The "extremely dangerous" hurricane's maximum sustained winds have intensified to 150 mph, and it is expected to reach landfall late this morning or this afternoon, according to the National Hurricane Center. The northern eyewall is approaching the coast, the NHC said in a 9 a.m. CDT update.
According to Fox Weather's Janice Dean, only two hurricanes on record — since 1851 — have made landfall in Louisiana with sustained winds that strong: Last Island in 1856, and Hurricane Laura in 2020. Both of those hurricanes were 150 mph at landfall.
All flights to and from the New Orleans airport were canceled on Saturday, and evacuations caused long lines at security gates.
"The Louis Armstrong New Orleans International Airport is prepared for impacts from Hurricane Ida. All flights scheduled for Sunday, August 29 have been cancelled," airport spokesperson Erin Burn told Fox News in a Sunday statement. "Airport staff is currently onsite monitoring the facilities and will address any damage throughout the hurricane event so that airlines can resume flights once it is safe to do so."
Burns added that 40 flights were canceled on Friday, 226 were canceled on Saturday, and "there are 173 reported cancellations for Monday, Aug. 30."
Hurricane-force winds reached parts of southeastern Louisiana on Sunday morning, according to the National Hurricane Center.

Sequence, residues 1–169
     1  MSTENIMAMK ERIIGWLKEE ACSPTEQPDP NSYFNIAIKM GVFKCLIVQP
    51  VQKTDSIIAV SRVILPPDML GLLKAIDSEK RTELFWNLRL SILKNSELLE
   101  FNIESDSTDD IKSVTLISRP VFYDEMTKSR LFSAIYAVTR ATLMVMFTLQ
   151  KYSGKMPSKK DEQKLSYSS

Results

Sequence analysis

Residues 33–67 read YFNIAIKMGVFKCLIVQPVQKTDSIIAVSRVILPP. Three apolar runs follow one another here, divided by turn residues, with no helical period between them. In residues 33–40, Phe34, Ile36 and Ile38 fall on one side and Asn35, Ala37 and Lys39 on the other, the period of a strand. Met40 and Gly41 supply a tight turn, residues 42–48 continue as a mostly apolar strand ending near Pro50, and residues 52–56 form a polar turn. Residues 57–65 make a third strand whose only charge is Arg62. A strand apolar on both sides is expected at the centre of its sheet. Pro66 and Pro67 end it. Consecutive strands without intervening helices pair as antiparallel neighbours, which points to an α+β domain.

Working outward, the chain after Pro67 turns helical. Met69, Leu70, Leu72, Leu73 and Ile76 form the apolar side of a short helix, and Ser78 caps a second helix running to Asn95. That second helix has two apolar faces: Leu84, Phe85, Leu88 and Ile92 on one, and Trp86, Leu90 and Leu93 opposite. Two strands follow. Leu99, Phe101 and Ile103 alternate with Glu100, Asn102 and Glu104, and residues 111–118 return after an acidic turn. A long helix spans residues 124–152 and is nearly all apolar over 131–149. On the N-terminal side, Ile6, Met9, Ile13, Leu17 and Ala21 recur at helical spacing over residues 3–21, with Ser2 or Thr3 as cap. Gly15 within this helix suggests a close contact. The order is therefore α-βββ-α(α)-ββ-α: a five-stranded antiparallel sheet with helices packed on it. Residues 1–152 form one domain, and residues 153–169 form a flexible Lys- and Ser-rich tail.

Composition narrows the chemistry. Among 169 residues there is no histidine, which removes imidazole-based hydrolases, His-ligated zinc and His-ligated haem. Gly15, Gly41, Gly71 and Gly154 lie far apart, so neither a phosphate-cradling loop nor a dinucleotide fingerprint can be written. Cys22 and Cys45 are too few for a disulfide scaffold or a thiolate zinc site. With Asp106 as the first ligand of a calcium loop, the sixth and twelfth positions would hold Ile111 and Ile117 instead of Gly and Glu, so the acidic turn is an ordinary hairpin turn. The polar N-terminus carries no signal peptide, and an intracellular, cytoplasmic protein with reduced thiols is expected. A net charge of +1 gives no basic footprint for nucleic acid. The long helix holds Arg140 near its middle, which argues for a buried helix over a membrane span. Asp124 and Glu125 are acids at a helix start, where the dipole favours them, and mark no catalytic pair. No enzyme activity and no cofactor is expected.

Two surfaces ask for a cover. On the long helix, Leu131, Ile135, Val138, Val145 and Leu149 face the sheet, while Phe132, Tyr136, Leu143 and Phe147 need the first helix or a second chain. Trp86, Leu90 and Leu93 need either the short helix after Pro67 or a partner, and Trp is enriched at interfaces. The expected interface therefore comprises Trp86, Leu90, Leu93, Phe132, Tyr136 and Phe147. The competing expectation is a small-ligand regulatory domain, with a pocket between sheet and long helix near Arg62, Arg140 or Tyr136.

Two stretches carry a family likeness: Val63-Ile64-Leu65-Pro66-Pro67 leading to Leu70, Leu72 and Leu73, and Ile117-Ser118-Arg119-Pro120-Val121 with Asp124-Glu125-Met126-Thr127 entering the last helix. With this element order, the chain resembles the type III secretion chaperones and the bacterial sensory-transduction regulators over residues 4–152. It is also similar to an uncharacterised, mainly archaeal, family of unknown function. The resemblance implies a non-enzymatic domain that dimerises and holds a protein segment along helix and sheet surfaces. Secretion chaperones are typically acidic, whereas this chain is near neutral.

A National Oceanic and Atmospheric Administration station reported a sustained wind of 105 mph and a wind gust of 121 mph, the NHC reported.
Flash flood warnings in Louisiana worsened Sunday. The National Weather Service described heavy rainfall in the areas of southeastern Louisiana and coastal Mississippi and Alabama as "concerning."
Rainfall is expected to reach rates of 1 in. to 3 in. per hour for six hours, totaling 3 in. to 6 in. of rain this afternoon. More efficient rainfall rates of 2 in. to 3 in. per hour will "begin coming ashore near the mouth of the Mississippi River," according to the NWS.
Hurricane Katrina devastated Northern Gulf city during the last week of August in 2005, killing an estimated 1,800 people.
New Orleans is more vulnerable to hurricane damage than most cities for two main reasons, according to the University of Wisconsin Eau-Claire. First, New Orleans’ elevation is about six feet below sea level; second, the area lacks wetlands and barrier islands, which serve as natural defense against storms.